Thursday, April 20, 2017

Commercial Muslim website on swimming


Alsharifa is a online seller of Islamic swimwear out of Canton, Michigan. They make it clear that they are not an authority on Islam, however they collected some ideas from their 'customers and friends' as they put it. 

Muslim Women: To Swim, or Not To Swim?

"The most commonly cited drive behind wanting to swim is the Sunnah of the prophet (pbuh) through the verified hadith: {Teach your children : Javelin throwing, Swimming, and Horse Riding .}  The hadith in Arabic uses the word “Awlad” which has the literal translation of children.  It did not talk about “boys” alone, so both men and women are included."   
No source is given for the hadith. I will discover later and elsewhere where this quote is from. According to my reading of this, one Islamic sport is military-related (spears), one indirectly military (cavalry), and the third (swimming) neutral. Just my take. None are completely non-military games like Scottish tree hurling or Italian soccer. Are Christian or Hindu 'sanctioned' sports as martial? Sikh ones perhaps. I know archery has its place in Buddhist traditions. Just trying to see all of this in cultural and historical context.

And I find it odd that the most common reason to swim is religious. I don't believe it. Don't most people, including Muslim women, want to swim for recreation and health? Are female Muslims some special brand of humanity?

Follows arguments why women who were companions of Mohammed by inference must have known how to swim due to the requirements during pilgrimage and war, and how four times as many Indonesian women (in some cases *only* women and children) died in the (undated, but we know it was 2004) tsunami. The author adds that there are Middle Eastern countries where most women do not know how to swim. He/she argues that in Egypt women used to wear western style swimwear but were being harassed by men, but that since the advent of Islamic swimming costume, now "women have the freedom to participate in watersports.." I find it curious that instead of men changing their behaviour, women are required to cover up. 

This company blog then quotes two Islamic religious scholars...
"Suad Saleh, Professor of Fiqh at al-Azhar University and the former Dean of the College of Islamic Studies opines that hitting the beaches to relax and getting relief from stress  is permissible as Islam is “deen-ul-waseeta”, which means it is a religion of moderation."
"Pof [sic Prof?] Mustapha Umara who is a member in the Higher Council For Islamic Affairs in Cairo, Egypt, has the opinion that woman is “awra” or “aurat” * as a whole so she cannot wear short or tight clothing, or anything that shows the details of her body, whether at the beach or in public places.  The direct definition of Awra / Aurat is 'something than cannot be exposed in public.' "
* From Wikipedia, entry 'intimate parts in Islam'... In Arabic, the term 'awrah or 'awrat (Arabicعورة‎‎) derives from the root ‘a-w-r which means "defectiveness", "imperfection", "blemish" or "weakness". However, the most common English translation is "nakedness"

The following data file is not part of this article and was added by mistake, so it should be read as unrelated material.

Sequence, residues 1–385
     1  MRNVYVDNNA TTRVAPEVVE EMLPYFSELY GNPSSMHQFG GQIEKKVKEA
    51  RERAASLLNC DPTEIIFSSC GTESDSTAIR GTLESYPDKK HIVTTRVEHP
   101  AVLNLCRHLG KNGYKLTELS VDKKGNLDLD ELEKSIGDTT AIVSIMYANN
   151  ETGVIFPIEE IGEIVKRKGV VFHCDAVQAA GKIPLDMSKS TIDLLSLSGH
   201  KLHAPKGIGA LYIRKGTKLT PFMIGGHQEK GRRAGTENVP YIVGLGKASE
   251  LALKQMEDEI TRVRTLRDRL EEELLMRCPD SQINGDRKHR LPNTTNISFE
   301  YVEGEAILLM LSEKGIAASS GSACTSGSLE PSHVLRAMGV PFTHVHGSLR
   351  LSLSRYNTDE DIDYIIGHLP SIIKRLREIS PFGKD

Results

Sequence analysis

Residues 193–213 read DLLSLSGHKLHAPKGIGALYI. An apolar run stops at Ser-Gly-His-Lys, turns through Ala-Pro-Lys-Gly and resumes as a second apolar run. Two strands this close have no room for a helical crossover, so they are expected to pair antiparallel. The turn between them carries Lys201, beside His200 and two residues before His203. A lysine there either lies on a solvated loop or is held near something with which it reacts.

Alsharifa designs their swimsuits according to the aurat principle, "highlighted in the addition of long tunics, modest roomy upper arm and thigh fabric cuts, buckles to secure tunic to pants, and clips at bottom of legs to tighten them to avoid exposure or control length from ground or ankle level." 

Among two other sensible reasons for women to wear such garments, I found #1 most telling...

Safety Measure by the Pool.  Some women purchase a full-cover swimsuit to stay by her children as they swim in public pools.  If there is an emergency where she needs to help her children, she can jump in while dressed in proper swim clothes.  Otherwise, local ordinances may deny her pool area access if she were not dressed properly.  For example, if she was wearing cotton that would absorb water.. or just imagine the alternative, jumping in dressed up in an abaya.  This alternative is unacceptable vis-a-vis the Awra concept and showing modesty, the abaya fabric will cling to her skin and show her awra."

[Hermes: I will endeavor to find the case where a Muslim woman almost let her child drown because she was unwilling to enter the water. And of course, there are no restrictions on women wearing normal swimsuits to rescue their drowning children]

In the final paragraph of this Alsharifa swimwear company post the author adds, "Most of the disagreements are not on the right to swim, or the what about swimming, but rather they are focused on the how and where. The answer to these questions will be subjective and will differ by culture and location.  Some countries like Saudi Arabia offer women-only clubs where Awra concepts still apply between women. In the US we have heard of many groups having women’s only hours at pools and fitness clubs.  Other initiatives in North Africa and Europe includes beach rentals for women-only."

[Hermes: And I might add, numerous cities in Canada, including tax-funded facilities 

To see the full blog post go to...

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